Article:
While participants from Muslim FBOs also spoke of the ways that inclusiveness in outreach could help promote greater understanding, they also spoke of the important role their FBO needed to play in improving impressions of Muslims in light of terror attacks in recent years. As one participant explained:
You know, in the world generally people think bad about Islam because of all these terrorist attacks. But we just try to explain the rules of Islam, because of course every Muslim is not a good Muslim. We have to make a difference between bad people who happen to be Muslims and what they do, and what Islam really is.
It is interesting to note that interview participants from Orthodox FBOs were the only participants who did not see any added value from the religious orientation of their organization. This was the case even when interview participants were asked directly about any benefits they felt faith brought to their organization Editor’s note: The conclusion of this article will be published in the next issue of the East-West Church and Ministry Report.
1 S. Kaufman, Modern Hatreds: The Symbolic Politics of Ethnic War (Ithaca, NY: Cornell University Press, 2001).
3 CIA, Factbook Bosnia-Herezgovina (Washington, D.C.: CIA, 2006).
4 Kaufman, Modern Hatreds, 165.
5 H. Rae, State Identities and the Homogenisation of Peoples (Cambridge: Cambridge University Press, 2002).
6 B. Allen, Rape Warfare; The Hidden Genocide in Bosnia-Herzegovina and Croatia (Minneapolis: University of Minnesota Press, 1996); A. Stiglmayer, Mass Rape: The War against Women in Bosnia-Herzegovina (Omaha: University of Nebraska Press, 1994).
7 M. Sells, The Bridge Betrayed: Religion and Genocide in Bosnia (Berkeley: University of California Press, 1998), 89.
8 Rae, State Identities; S.M. Saideman, The Ties That Divide: Ethnic Politics, Foreign Policy, and International Conflict (New York: Columbia University Press, 2001).
9 International Council of Voluntary Agencies of Bosnia and Herzegovina, The ICVA Directory of Humanitarian and Development Agencies in Bosnia and Herzegovina (Sarajevo: International Council of Voluntary Agencies, 2005.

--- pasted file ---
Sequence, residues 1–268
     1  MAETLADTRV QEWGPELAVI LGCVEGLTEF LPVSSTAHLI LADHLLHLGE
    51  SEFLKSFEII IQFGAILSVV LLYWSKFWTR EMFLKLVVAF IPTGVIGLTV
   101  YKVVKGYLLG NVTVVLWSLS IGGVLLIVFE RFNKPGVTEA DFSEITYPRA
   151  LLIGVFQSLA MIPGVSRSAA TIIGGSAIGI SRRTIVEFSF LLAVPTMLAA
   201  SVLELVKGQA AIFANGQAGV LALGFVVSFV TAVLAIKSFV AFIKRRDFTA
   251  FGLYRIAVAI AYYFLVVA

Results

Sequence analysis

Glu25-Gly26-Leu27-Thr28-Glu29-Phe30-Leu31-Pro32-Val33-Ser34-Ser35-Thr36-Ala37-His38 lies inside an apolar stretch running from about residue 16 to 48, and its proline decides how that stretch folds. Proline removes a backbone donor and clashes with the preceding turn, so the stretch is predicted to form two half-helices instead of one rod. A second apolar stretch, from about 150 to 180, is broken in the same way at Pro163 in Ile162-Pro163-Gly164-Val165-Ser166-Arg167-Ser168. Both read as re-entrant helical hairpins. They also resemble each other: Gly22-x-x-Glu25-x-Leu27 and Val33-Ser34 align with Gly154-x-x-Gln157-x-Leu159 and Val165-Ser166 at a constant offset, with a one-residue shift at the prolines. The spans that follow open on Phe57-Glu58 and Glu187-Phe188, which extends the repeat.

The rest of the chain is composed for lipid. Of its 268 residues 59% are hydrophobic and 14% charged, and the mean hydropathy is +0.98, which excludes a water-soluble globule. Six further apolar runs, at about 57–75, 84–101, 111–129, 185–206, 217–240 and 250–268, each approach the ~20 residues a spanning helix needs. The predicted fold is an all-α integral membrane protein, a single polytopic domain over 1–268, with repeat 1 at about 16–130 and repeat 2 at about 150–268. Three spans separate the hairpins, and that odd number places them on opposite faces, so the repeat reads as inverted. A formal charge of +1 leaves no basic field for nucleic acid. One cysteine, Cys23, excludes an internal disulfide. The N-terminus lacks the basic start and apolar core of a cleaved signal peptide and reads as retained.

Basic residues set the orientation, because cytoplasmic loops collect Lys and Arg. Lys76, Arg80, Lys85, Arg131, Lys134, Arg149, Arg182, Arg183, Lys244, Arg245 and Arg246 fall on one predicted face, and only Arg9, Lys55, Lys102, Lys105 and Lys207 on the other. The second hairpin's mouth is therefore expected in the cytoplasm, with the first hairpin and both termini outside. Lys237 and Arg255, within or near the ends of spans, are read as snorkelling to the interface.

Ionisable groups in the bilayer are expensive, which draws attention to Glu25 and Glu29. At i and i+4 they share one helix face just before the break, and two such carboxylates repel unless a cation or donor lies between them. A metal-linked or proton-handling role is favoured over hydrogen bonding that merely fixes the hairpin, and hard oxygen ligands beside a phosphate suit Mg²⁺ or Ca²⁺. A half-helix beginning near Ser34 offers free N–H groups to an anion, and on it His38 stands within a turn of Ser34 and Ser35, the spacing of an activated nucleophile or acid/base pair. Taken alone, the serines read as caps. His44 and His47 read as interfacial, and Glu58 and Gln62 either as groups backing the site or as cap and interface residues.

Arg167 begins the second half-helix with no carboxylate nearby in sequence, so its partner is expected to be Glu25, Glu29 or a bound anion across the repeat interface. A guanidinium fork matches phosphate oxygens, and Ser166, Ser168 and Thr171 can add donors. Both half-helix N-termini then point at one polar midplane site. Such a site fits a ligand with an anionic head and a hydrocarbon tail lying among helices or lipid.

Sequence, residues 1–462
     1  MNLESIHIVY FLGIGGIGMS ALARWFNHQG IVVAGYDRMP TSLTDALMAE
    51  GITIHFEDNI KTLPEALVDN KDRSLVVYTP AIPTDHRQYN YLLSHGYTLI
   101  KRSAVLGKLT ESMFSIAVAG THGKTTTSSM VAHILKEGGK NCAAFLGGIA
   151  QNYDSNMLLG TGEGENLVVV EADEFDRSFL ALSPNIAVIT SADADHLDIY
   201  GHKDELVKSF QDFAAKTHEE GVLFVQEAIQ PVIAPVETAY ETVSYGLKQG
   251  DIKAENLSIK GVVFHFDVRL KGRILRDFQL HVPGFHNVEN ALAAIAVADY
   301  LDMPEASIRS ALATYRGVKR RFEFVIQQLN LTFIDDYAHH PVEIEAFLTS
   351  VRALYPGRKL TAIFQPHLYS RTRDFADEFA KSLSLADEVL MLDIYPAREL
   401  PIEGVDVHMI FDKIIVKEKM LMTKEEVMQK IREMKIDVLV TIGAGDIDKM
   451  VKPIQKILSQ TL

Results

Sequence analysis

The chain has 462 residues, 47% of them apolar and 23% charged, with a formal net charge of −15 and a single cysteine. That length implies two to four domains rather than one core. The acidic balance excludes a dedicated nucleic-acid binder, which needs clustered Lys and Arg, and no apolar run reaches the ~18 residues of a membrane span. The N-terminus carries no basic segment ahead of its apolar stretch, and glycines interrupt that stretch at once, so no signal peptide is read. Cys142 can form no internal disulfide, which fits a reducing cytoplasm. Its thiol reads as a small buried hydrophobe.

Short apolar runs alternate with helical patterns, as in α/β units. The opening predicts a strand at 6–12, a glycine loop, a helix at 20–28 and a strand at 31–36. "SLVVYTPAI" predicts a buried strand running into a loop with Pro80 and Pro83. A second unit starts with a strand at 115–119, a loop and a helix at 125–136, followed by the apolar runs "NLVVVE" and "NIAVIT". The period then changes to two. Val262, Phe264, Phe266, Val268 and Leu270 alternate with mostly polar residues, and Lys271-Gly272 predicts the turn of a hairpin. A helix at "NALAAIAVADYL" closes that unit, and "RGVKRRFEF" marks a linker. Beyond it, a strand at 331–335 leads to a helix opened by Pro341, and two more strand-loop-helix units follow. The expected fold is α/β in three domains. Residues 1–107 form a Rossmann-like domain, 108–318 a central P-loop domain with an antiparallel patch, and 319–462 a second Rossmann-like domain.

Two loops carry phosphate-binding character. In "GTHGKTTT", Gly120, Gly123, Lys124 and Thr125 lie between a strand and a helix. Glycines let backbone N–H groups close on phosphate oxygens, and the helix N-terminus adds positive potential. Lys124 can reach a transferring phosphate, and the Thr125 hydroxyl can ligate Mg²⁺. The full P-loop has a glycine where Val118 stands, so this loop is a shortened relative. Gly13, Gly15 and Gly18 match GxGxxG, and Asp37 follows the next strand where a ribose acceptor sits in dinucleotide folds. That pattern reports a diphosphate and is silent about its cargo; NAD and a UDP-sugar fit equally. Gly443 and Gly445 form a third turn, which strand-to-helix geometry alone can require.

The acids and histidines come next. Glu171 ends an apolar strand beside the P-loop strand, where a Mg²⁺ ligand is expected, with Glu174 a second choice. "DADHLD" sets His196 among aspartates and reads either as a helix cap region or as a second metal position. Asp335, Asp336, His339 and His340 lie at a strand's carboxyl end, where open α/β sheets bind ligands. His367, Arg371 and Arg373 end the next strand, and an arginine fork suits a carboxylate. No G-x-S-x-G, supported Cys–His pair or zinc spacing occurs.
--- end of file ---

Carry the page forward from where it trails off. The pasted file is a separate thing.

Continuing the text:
10 A. Fagan, “Taking Stock of Civil-Society Development in Post-Communist Europe: Evidence from the Czech Republic,” Democratization 12 (No. 4, 2005), 528-47.
11 ICVA, ICVA Directory.
12 The figure for the percent of the population of Bosnia and Herzegovina that is Christian is based on CIA World Factbook (2006) estimates of Catholic and Orthodox populations in the country. However, an additional 14 percent of the population is categorized as “other.” Due to a small preexisting Protestant Christian population and the influx of Christian missionaries following the war, this figure is likely to be partially, if not predominantly, composed of other Christian denominations. Therefore, the total population of Christians in Bosnia and Herzegovina is likely to be higher than 46 percent.
13 M. Chaves and W. Tsitsos, “Congregations and Social Services: What They Do, How They Do It, and with Whom,” Nonprofit & Voluntary Sector Quarterly 30 (No. 4, 2001), 660-83; H. Ebaugh, J. Saltzman Chafetz, and P. Pipes, “Faith-Based Social Service Organizations and Government Funding: Data from a National Survey,” Social Science Quarterly 86 (No. 2, 2005), 273-92; P. Frumkin, On Being Nonprofit: A Conceptual and Policy Primer (Cambridge: Harvard University Press, 2002); S.V. Monsma, When Sacred and Secular Mix: Religious Nonprofit Organizations and Public Money (Lanham, MD: Rowman and Littlefield, 1996): A.L. Sherman, “Cross Purposes: Will Conservative Welfare Reform Corrupt Religious Charities?,” Policy Review (1995), 58-63; J. Singletary and C. Collins, “The Rest of the Story: The Perspective of Faith-Based Program Participants,” paper presented at the Association for Research on Nonprofit Organizations and Voluntary Action, Los Angeles, CA, 2004.
Edited excerpts published with permission from Shawn Teresa Flanigan, “For the Love of God: Ethno-Religious Identity and Faith-Based Nonprofit Service Provision in Contexts of Violence,” Ph.D. dissertation, State University of New York at Albany, 2007.
Shawn Teresa Flanigan is an assistant professor in the School of Public Affairs at San Diego State University, San Diego, California.